Spotlight on Nexus

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In recent years, many governments and nonprofit institutions have recognized the importance of combating human trafficking. However, approximately 20.9 million individuals continue to suffer as victims of this crime. One noteworthy organization, Nexus, offers a new approach to this issue by working with large corporations and high net-worth individuals.

On July 16, 2014, we had the pleasure of meeting with Patrick Gage, one of the co-chairs of the Nexus Working Group on Human Trafficking, who explained the mission of Nexus and its work against human trafficking.

Patrick explained that “Nexus is a global movement of 2000+ young investors, social entrepreneurs and allies who work to increase and improve philanthropy and social impact investing.” In other words, Nexus works with high net-worth individuals to build socially conscious business practices and models.

Each year, Nexus holds global and national summits during which young social entrepreneurs, leaders, and philanthropists discuss pressing issues, including human trafficking. Last week, the Nexus Global Youth Summit on Innovative Philanthropy and Social Entrepreneurship was held in New York and several of its panels focused on the prevention of human trafficking.

Amara greatly appreciates Nexus’s work collaborating with businesses and entrepreneurs because the lives of many victims of trafficking are intertwined with the operations of large corporations. For instance, Patrick underscored the important role of the hospitality industry. In the past several years, his family’s company, Carlson, has made important strides in preventing sex trafficking in their hotels (Radisson, Country Inns and Suites, Park Inn, and Park Plaza). They recognize that it is necessary for owners and managers of hotels to be aware of possible situations of sex trafficking in the rooms they are providing and to take action to prevent such behavior. Although raid and rescue techniques can be successful in helping individual victims, Patrick’s family shows how involvement of the business community may also affect a reduction in sex trafficking.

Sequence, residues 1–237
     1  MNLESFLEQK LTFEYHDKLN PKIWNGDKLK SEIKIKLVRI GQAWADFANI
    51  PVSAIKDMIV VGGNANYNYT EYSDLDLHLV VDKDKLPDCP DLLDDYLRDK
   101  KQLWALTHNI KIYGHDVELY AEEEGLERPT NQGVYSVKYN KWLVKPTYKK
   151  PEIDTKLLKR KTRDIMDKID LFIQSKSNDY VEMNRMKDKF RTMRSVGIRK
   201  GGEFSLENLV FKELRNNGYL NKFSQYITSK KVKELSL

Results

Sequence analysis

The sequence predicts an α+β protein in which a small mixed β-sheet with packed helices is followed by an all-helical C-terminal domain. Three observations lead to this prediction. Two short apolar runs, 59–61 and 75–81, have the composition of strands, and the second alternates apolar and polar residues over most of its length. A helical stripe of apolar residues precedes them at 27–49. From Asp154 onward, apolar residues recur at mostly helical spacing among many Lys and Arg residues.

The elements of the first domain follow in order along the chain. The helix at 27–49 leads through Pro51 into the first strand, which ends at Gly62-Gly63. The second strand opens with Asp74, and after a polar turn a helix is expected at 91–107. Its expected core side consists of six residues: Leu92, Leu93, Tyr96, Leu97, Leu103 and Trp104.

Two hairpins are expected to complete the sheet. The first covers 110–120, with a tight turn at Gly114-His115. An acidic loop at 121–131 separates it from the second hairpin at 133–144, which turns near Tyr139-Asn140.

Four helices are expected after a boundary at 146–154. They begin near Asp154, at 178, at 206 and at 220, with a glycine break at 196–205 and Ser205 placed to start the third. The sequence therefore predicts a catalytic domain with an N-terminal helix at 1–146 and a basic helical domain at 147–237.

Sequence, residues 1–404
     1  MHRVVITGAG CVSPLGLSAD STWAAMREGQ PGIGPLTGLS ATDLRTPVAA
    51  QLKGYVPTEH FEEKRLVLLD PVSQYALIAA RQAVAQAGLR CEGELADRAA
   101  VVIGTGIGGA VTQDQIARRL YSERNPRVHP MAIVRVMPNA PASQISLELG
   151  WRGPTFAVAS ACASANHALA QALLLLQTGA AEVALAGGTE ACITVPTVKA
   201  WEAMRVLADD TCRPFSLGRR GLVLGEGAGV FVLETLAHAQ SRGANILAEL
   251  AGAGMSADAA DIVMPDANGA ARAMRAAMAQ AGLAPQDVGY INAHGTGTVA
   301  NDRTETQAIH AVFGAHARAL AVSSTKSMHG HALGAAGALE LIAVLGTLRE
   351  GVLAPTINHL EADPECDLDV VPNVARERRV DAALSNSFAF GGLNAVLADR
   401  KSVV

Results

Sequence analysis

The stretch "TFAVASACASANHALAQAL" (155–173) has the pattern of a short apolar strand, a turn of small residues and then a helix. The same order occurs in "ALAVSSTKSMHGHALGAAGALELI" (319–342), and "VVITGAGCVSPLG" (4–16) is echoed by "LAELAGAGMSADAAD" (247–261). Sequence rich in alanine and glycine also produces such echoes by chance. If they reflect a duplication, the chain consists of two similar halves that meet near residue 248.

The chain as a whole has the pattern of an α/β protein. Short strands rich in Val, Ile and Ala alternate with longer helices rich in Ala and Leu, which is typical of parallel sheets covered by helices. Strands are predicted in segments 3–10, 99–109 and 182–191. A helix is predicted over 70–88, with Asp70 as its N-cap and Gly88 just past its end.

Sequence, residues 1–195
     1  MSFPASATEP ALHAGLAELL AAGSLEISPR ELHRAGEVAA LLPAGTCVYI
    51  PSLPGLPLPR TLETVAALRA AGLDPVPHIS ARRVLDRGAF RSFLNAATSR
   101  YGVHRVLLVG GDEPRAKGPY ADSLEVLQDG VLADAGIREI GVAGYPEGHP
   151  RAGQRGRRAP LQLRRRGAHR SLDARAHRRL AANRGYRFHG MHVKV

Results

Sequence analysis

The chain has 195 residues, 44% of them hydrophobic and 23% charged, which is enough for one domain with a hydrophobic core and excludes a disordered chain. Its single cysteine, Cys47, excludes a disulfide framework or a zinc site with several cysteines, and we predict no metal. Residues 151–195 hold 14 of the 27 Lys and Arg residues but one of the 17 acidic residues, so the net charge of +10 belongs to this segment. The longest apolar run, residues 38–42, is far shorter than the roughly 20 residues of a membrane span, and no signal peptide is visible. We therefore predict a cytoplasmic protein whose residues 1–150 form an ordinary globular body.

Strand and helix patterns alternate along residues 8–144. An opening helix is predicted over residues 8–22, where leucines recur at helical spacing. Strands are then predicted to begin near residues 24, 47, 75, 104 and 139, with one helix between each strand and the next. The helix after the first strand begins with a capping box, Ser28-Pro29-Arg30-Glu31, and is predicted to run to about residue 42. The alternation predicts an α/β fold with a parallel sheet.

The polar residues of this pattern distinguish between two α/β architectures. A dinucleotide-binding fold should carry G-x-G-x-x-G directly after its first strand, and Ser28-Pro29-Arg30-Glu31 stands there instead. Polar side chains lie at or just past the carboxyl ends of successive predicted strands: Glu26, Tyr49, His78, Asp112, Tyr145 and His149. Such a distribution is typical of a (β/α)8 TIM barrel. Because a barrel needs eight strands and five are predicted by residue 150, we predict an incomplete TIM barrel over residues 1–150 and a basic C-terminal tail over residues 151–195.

In addition, Patrick noted that it is crucial for business owners to know how their products are being made and under what working conditions their workers are employed. According to Patrick, the complicated nature of supply chains in the 21st century should not be an excuse for corporations to remain unaware of the conditions of slavery their workers endure. The cost of making a company’s supply chain slave-free often serves as a deterrent for CEOs, but Patrick cited the example of Publix increasing the price of one pound of tomatoes by one cent each in order to give tomato workers a living wage. Publix has refused to sign the agreement to give the workers a one cent per pound raise, which seems unreasonable considering the large impact it would have on many workers with a relatively small financial impact on Publix itself. Ultimately, Patrick reminds us that businesses should be held accountable for the human rights violations they commit and Nexus aims to motivate individuals and businesses to take on this accountability.

At Nexus summits, Patrick and other social justice-minded individuals work with young people who will soon take leadership roles in large international corporations. They brainstorm ways to motivate businesses to take the steps needed to ensure that their supply chains are slave-free. Patrick believes that Nexus and its members can work together to influence and incentivize businesses to play positive roles in the social justice community.

We thank Nexus for all of its work in this area and look forward to hearing more about last week’s Global Youth Summit. With a lot of hope and hard work, Patrick leaves us with a simple, yet inspiring statement: “We can abolish slavery in our lifetime.”

By Caroline Ackerman

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